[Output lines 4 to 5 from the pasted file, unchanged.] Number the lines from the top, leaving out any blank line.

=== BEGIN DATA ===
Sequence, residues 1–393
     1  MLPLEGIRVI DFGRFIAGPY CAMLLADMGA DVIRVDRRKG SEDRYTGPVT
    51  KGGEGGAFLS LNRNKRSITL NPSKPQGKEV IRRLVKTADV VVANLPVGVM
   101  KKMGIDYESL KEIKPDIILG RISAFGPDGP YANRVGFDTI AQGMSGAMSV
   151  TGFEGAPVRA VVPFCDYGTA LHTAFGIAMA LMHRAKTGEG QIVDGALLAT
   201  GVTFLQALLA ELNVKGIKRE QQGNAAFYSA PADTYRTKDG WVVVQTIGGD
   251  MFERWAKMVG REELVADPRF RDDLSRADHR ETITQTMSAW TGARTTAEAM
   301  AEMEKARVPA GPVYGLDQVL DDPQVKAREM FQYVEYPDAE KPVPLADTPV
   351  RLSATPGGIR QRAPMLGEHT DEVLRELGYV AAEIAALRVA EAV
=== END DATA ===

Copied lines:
   101  KKMGIDYESL KEIKPDIILG RISAFGPDGP YANRVGFDTI AQGMSGAMSV
   151  TGFEGAPVRA VVPFCDYGTA LHTAFGIAMA LMHRAKTGEG QIVDGALLAT